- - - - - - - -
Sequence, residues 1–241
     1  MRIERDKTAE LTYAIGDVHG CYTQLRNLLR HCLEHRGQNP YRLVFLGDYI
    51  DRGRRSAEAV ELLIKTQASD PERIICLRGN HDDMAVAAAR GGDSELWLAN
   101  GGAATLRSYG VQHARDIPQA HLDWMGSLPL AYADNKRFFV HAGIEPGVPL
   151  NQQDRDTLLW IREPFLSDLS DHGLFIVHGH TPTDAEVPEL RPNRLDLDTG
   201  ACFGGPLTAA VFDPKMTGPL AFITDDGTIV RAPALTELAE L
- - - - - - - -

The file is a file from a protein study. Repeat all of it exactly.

Sequence, residues 1–241
     1  MRIERDKTAE LTYAIGDVHG CYTQLRNLLR HCLEHRGQNP YRLVFLGDYI
    51  DRGRRSAEAV ELLIKTQASD PERIICLRGN HDDMAVAAAR GGDSELWLAN
   101  GGAATLRSYG VQHARDIPQA HLDWMGSLPL AYADNKRFFV HAGIEPGVPL
   151  NQQDRDTLLW IREPFLSDLS DHGLFIVHGH TPTDAEVPEL RPNRLDLDTG
   201  ACFGGPLTAA VFDPKMTGPL AFITDDGTIV RAPALTELAE L